In the end, this android didn’t dream of electric sheep, but instead freed itself from any “humanoid” appearance. (Christian Höller)
Translation: John Wojtowicz

Self (2015, 7:30 Min)
The skin is the body´s largest sense organ: delicate and at the same time extremely robust, it has to fulfill various functions, from excretion through to storage of nutrients. Although one hopes to shed it at a metaphorical level, it simultaneously serves as the bearer of our identity, which can be written on, marked, and changed. It is more than simply a shell, more than a border between inside and outside, it is the self, (not only) in Larcher´s video.
A laconic-analytical camera pan shows a close-up of it at the beginning: pores, fine hairs, a mesh of blue veins that shine through the delicate membrane. In what follows, details yield a whole, and one seems to recognize neck, armpit, and upper arm. Suggested here is an interior that this skin stretches around. But suddenly there are „wrong“ extensions, „impossible“ elongations and overlaps. The border between inside and outside is successively dissolved and flows into a „liquefaction“ of the image in whose blurriness, pink masses multiply and caverns protrude until the camera returns to the start again.

The complex and dramatic sound (by Constantin Popp, once again) carries the originally mentioned references and transfers the images into a tale of a fragile self; „skin horror“ and genetic mutation phantasm. Something cracks here, air is drawn in, the whirring and rustling intensify, scraps of conversation push through. As more traces of reality become audible, it becomes increasingly uncanny. This organ, which surrounds us everyday, has become independent, obeys its own, uncontrolled dynamics, whose calm at the end will only be temporary. (Claudia Slanar)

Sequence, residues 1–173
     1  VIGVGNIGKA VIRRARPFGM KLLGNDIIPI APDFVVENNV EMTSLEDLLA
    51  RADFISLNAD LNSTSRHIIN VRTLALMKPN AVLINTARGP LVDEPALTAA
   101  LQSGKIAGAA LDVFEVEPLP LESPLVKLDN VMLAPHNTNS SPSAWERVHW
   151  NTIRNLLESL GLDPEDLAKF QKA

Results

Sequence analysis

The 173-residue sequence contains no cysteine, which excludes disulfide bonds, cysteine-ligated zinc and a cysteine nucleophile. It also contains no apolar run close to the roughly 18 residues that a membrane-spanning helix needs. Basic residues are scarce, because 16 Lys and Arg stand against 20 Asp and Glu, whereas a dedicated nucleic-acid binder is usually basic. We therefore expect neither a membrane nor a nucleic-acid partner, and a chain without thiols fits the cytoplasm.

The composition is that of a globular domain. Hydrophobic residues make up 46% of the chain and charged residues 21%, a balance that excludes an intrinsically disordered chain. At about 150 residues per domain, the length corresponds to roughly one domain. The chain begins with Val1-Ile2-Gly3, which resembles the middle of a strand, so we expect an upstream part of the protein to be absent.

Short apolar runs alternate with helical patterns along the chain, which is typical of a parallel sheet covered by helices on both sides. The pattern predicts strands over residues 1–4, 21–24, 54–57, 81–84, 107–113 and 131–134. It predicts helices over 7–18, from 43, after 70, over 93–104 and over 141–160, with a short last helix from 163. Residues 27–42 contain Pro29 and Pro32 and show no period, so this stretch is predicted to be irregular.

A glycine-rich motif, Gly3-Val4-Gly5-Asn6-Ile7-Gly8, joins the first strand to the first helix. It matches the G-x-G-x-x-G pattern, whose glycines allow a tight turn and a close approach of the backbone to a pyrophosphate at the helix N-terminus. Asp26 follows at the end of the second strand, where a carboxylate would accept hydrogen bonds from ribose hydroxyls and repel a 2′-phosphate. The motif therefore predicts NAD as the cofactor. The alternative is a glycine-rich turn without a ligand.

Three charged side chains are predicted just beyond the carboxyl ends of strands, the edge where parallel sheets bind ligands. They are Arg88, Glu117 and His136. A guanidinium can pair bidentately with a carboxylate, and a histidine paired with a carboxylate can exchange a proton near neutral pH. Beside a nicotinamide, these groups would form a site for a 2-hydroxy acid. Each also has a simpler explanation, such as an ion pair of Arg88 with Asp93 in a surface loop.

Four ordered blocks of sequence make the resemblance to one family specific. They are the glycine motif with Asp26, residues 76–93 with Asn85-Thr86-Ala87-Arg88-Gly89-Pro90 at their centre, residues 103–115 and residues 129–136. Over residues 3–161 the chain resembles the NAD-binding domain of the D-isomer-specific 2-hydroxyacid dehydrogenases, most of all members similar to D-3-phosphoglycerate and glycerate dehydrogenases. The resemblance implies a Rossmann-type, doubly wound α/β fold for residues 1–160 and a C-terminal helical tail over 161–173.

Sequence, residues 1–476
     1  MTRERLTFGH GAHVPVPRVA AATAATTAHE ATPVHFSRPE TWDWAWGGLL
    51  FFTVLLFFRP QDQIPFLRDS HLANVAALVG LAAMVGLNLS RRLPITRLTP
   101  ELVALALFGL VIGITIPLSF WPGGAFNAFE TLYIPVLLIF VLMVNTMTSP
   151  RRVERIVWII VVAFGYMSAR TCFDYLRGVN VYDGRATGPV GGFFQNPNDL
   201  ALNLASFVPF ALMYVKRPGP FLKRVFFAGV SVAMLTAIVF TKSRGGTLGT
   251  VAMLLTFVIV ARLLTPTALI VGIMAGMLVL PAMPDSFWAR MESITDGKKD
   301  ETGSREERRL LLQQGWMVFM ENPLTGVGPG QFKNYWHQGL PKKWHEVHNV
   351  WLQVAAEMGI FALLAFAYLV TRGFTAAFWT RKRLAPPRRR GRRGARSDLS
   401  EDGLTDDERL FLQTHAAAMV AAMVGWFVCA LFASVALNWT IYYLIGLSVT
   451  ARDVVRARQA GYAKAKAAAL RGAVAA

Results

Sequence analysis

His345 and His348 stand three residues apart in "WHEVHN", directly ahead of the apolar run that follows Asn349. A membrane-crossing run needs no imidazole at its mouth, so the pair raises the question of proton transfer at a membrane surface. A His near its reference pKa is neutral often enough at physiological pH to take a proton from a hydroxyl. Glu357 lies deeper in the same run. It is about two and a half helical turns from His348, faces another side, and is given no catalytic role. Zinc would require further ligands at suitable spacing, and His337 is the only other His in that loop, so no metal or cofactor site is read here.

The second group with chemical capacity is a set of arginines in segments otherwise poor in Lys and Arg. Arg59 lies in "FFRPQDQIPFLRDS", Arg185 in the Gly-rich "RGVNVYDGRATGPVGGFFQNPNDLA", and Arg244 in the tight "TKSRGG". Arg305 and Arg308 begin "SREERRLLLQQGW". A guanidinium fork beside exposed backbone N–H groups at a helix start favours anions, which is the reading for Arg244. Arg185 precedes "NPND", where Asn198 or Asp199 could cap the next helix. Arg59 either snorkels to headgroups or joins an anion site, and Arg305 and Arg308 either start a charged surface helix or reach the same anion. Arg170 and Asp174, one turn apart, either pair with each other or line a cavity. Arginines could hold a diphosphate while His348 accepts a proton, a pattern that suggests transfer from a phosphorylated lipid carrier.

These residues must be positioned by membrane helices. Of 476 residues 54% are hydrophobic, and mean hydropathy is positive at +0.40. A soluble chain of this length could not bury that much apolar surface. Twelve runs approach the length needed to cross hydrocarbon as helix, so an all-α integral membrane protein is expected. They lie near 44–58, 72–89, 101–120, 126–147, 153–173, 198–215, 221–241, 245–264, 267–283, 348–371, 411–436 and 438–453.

Me, Myself And I (2022, 5:30 Min)
The triplet in the title basically give it away already: identity in the digital age, especially in the face of image production and reproduction processes, is subject to incessant multiplication. Or to put it another way: the ego, what one could also call the “digital subject”, is now subject to a technologically fuelled tendency to splinter, while also being shrouded in a nebulous illusion of unity.
Claudia Larcher’s „Me, myself and I“ does nothing less than cause this moment of fragmentation and simultaneous resynthesis to collide productively. The experimental arrangement is as simple as it is captivating: Larcher has added 350 photographs of herself (up to the age of 24) to a GAN (Generative Adversarial Network) which then spits forth a continuously deforming flow of images containing perspectives on identity that go beyond the original photographs. Babyface, girl’s head, young woman, fast forward into old age and back again to the infantile – all this in an incessantly morphing stream, allowing one to dissolve imperceptibly into the next. This results in the staging of a digitally mediated becoming, seen in equal parts as productive disappearance as well as constant re-creation – the elimination of all that has gone before up to the point of complete abstraction, with simultaneous reconstitution and anticipation of what is yet to come. Grotesque deformation meets malformed refocusing, an organic-synthetic hybrid, in which a laughable series of comical faces flashes repeatedly, like what we know from Snapchat and other image processing filters.
The soundtrack proves that all of this is not based on any kind of master narrative about what AI can do or possibly wants. Here, Larcher has processed dialogues that she has conducted with various chatbots on the subject of identity and turned them into a script that interconnects fragments of ego perception in a multidirectional manner. The „reflexive self-reference“, which is repeatedly addressed as the core of every identity, may itself be nothing more than a placeholder for a multiplicity that cannot be contained. Or for the edge of a non-existence, which is expressed just as beguilingly in the cheerfully delirious fragments of portraits. (Christian Höller)